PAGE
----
After a stroll along the waterfront, we drove out to Fort Frederica National Monument. Here lies the ruins of the 1733 town built to defend the Georiga, a fledgling colony, against Spanish attack from Florida.  They are still excavating the site, finding artifacts beneath the soil that tell the story of the fort’s history. 

Georgia’s Golden Isles hold a fascination for many, us included. We can’t wait to return. In the meantime, we are finally heading west, after five months on the road. We’ve got some fun stops ahead of us before we land back in Arizona in late April. 

St. Augustine

We found a new favorite place in Florida. Well. . . another favorite place 🙂 We were told St. Augustine was a great city and now we know why. In fact, we ended up spending a few extra days than originally planned.

Our first stay was at the Bryn Mawr Ocean Resort, just south of St. Augustine and right on Butler Beach. The park was not our favorite, but it didn’t matter because we were right on the beach and were able to take advantage of some beautiful weather. The beaches were wide and uncrowded and perfect for running and biking.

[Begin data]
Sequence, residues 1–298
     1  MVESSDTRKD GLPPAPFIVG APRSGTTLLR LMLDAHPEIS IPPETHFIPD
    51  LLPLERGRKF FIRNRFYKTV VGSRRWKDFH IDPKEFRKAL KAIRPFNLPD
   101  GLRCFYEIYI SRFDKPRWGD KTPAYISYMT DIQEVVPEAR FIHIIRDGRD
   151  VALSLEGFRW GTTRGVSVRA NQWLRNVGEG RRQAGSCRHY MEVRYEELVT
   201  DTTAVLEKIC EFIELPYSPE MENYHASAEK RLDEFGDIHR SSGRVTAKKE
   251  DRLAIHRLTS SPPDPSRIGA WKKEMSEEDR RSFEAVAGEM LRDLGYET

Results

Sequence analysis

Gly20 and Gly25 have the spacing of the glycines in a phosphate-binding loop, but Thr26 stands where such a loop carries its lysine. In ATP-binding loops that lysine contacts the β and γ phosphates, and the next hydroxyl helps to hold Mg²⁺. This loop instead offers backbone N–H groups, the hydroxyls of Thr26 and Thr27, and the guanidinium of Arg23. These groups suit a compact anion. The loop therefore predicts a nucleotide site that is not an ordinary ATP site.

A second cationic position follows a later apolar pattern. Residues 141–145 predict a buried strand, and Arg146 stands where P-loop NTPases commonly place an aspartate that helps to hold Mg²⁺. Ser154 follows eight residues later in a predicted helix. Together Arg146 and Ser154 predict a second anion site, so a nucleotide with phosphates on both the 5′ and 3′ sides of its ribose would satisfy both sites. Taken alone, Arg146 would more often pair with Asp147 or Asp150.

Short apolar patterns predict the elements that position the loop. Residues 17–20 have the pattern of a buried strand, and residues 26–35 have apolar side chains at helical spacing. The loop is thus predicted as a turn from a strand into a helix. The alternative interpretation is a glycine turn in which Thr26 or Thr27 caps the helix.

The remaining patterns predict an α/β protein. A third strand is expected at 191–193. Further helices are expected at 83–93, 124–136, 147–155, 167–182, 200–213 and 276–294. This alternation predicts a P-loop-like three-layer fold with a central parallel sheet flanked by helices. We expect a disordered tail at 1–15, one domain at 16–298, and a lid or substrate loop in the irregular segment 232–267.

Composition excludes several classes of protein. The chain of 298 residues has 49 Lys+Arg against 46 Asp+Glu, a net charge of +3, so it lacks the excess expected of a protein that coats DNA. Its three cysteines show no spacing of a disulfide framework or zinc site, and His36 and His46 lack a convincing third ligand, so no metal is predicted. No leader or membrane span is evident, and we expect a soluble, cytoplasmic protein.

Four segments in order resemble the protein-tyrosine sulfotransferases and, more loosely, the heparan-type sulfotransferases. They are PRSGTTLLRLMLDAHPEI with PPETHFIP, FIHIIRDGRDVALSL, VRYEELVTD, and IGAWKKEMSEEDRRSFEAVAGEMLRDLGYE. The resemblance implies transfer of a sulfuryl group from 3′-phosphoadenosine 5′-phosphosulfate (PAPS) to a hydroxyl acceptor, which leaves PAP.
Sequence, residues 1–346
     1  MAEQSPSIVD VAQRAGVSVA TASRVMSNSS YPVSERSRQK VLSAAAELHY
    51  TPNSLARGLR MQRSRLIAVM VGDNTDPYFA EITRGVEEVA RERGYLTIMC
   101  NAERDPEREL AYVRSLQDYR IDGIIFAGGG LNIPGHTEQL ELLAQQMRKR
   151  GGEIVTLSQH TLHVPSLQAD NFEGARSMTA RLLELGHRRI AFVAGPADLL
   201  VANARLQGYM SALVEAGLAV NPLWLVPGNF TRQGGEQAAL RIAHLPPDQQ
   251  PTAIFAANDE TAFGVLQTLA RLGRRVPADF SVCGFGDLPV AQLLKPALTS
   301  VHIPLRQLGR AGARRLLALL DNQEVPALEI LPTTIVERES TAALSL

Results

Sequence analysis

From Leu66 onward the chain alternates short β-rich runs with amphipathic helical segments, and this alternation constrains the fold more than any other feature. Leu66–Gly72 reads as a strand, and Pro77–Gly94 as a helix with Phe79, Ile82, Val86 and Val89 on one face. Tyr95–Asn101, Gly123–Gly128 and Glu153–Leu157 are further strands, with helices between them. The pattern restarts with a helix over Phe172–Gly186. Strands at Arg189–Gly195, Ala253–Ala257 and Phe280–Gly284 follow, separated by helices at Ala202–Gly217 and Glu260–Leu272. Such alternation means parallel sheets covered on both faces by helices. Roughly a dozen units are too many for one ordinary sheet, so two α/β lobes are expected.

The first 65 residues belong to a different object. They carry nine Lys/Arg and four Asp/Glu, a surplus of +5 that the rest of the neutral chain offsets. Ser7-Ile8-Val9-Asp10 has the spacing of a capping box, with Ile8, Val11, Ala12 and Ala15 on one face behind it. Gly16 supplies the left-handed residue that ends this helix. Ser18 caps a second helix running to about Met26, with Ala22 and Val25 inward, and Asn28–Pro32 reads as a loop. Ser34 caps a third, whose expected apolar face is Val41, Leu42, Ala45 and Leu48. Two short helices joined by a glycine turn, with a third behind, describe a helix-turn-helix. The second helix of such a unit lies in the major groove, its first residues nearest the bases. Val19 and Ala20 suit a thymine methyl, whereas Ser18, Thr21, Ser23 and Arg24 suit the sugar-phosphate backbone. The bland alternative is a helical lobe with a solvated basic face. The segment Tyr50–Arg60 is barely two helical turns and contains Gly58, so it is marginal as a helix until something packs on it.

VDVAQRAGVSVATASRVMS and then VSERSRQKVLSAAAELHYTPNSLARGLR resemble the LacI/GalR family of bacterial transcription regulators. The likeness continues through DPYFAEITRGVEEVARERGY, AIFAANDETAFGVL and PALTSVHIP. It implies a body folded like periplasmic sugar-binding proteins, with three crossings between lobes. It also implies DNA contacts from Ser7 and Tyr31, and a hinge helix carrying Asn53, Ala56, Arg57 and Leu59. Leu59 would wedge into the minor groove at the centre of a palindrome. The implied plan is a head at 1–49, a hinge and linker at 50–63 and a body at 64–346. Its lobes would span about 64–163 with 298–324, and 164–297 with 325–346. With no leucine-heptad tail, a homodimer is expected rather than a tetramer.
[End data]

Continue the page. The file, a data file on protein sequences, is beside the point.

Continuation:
In between beach time, we went into St. Augustine and wandered the nation’s oldest city. Founded in 1565 by Spanish explorers, the city went from Spanish to British and back to Spanish control until it was ceded to the United States in 1819. The history here is deeper than we could have ever explored during our time. The Old Town Trolley tour we took gave us a good overview.

We also enjoyed wandering the old, narrow streets, one day in the sunshine and another day in the rain. Even Bob and Mia enjoyed window shopping and Bob got a new shirt!